I’ll state right upfront that I’ve never played a Heroes of Might and Magic. Maybe that’s blasphemous, but such is life—you can’t play anything, and HOMM is one of those things that passed me by. A bring this up because, if you’re hoping for a review that’ll dive deep into how The Dragoness: Command of the Flame compares to its stated inspirations, this isn’t the one—sorry! Instead, I come at it with fresh eyes and no expectations, and from that perspective, The Dragoness is fun. Not amazing, but an enjoyable enough romp that takes a slightly different approach than most of today’s tactical RPGs.
In The Dragoness, you play as the commander of a squad of monsters, sent out into the world to undertake missions at the behest of the titular queen of dragons. Battles play out in a familiar turn-based fashion on a tiled battlefield, with said monsters doing most of the dirty work (though you can, as command, throw in a few spells here and there). But those little skirmishes are only part of the picture—you also need to make sure your squad is up to the task of increasingly tough battles that lay ahead.
To that end, exploration plays a crucial role: as you move around each map, you’ll find various ways to strengthen your team, from huts where you can recruit new monsters, to shops selling passive bonus-inducing artifacts, to universities that give you an instant level up—and with it, the chance to gain a new spell or bonus. Gathering resources are crucial for being able to recruit new fighters, and space management is also vital: you only have a limited number of spots in your party, but you can combine identical monsters into more powerful forms to make space. Depending on the map, there are also usually sidequests of some sort or other, with the promise of special rewards when you complete them.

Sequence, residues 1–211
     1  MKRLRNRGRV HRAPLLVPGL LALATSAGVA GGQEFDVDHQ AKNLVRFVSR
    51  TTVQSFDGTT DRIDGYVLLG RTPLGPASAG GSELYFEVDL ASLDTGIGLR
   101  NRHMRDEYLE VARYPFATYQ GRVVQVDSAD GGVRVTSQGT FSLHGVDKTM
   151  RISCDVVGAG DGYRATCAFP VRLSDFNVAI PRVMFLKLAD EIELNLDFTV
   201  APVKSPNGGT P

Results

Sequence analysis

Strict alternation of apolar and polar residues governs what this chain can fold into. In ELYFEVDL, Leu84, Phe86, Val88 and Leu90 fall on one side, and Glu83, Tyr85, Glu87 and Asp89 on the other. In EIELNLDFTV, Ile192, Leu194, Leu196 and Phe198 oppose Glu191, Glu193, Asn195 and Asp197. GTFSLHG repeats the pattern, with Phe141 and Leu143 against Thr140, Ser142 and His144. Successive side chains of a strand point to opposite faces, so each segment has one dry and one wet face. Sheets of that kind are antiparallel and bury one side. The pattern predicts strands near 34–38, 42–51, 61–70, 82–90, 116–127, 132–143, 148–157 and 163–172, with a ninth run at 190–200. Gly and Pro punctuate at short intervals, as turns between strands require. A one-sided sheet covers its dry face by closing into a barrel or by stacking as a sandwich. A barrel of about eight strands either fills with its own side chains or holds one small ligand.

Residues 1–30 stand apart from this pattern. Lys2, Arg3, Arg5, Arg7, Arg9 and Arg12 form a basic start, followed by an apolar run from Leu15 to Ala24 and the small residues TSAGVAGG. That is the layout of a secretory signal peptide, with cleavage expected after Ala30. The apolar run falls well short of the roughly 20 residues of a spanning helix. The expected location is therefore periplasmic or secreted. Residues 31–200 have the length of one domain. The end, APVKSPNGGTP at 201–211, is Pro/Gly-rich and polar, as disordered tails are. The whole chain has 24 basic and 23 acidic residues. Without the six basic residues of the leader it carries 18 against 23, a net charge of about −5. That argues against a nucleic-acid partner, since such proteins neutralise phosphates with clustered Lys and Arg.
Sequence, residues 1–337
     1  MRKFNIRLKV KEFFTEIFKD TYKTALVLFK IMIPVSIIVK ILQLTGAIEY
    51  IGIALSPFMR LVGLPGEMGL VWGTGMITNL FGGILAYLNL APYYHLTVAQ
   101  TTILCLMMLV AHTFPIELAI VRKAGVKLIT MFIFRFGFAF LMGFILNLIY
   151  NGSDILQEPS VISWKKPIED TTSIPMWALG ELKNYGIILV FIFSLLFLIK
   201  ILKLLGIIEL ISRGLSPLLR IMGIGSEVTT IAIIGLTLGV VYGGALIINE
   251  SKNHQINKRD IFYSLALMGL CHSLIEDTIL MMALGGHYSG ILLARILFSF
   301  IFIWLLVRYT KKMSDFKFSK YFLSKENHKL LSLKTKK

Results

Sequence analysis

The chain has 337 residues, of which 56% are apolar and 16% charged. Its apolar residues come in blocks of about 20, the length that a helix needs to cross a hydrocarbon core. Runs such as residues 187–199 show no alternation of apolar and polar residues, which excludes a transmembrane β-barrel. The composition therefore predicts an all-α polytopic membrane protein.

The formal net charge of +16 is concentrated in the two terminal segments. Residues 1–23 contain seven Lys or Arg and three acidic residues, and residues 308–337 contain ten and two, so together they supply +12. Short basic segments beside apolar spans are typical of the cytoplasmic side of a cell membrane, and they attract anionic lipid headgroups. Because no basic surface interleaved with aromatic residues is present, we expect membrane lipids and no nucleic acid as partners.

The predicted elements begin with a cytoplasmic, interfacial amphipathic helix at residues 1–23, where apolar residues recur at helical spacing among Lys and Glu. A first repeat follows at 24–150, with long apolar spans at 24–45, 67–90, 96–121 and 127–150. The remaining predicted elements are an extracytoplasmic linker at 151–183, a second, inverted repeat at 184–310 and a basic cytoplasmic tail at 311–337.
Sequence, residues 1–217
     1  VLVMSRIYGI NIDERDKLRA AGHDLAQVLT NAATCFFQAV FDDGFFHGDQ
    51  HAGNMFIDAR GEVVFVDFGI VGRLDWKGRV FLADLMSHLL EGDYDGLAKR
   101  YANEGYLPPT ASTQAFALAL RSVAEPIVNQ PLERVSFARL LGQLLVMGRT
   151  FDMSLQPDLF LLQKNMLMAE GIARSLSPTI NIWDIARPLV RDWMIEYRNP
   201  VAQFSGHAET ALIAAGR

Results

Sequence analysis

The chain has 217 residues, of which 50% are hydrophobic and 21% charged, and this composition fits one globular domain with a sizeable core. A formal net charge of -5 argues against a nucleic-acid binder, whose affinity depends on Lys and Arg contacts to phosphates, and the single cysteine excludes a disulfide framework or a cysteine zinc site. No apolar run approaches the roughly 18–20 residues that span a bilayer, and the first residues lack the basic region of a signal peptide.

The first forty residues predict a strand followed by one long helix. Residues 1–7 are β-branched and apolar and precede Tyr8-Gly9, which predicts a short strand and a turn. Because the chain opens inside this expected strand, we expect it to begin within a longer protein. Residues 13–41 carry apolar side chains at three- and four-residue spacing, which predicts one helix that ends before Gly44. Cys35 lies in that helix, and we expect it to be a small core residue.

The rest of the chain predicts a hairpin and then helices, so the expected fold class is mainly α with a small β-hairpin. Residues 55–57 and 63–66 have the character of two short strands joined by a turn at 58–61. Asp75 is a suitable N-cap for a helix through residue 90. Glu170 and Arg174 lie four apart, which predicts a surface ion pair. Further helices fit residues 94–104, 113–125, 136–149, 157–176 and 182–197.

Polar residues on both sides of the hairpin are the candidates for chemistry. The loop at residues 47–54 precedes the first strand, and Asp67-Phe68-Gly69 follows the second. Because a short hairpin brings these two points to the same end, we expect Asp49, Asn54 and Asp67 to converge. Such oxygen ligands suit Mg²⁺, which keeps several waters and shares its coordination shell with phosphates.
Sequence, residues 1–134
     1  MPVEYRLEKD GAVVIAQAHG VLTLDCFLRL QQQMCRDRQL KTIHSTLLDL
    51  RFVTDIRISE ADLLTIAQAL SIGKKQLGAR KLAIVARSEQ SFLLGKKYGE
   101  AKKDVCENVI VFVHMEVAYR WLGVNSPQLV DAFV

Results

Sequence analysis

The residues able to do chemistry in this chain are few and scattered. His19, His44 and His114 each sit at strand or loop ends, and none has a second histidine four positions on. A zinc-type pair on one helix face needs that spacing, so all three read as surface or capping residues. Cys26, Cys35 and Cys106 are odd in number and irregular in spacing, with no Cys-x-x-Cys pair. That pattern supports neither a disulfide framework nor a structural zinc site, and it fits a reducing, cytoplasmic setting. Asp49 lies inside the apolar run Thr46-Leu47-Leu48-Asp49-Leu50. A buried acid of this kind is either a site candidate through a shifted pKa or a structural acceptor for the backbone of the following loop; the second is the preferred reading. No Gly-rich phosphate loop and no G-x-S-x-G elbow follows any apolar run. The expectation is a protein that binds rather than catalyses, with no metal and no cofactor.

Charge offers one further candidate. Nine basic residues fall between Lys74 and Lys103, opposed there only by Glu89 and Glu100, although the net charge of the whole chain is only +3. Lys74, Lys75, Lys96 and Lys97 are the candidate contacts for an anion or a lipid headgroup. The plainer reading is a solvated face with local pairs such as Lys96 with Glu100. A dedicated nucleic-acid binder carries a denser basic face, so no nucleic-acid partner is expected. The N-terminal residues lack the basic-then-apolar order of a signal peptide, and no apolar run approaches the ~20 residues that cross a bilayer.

With this, The Dragoness creates an intriguing dynamic of party growth and strategy. Aside from the commander herself, who plays a strictly support role, there’s no linear growth path; instead, a stronger army comes from carefully choosing when and which monsters to recruit, and making the most of the limited resources available. Turns are also a factor to consider, too: exploring the map is done in a turn-based fashion, with each turn consuming some of a limited supply of rations. Run out of food, and your army will suffer, so you need to use your turns wisely.
If you’re not coming from a Heroes of Might and Magic background, it takes a bit of getting used to. I spent my early hours mostly in frustration, with armies hamstrung by general approach of just recruiting whoever crossed my path first—the end result being a team of weak monsters, spread too thin across different types in a way that meant limited opportunities to combine and strengthen them. But once you get into the rhythm of this particular style of strategy, thinking ahead to what sort of army you want to build and working towards that—while dealing with whatever unknowns a new adventure throws at you—becomes a satisfying endeavour. Combat itself is slow and rather sterile, some boss fights aside, but the fun of The Dragoness is in how you prepare for those encounters.
For better and worse, there’s also a bit of a “roguelite” twist—emphasis on the “lite”. After each mission, win your lose, your character gets reset and you start the next with a clean slate. Each new outing gives you the choice of a couple of different semi-randomised starting bonuses for your commander, and the chance to build your initial army from a pool of monsters that’s relatively small at first, but grows over time. As you use resources brought back from your expeditions to build up your home base, the choices available—and relative strength of those options—grows, so there’s a persistent sense of growth and continuity, but each outing is a fresh run.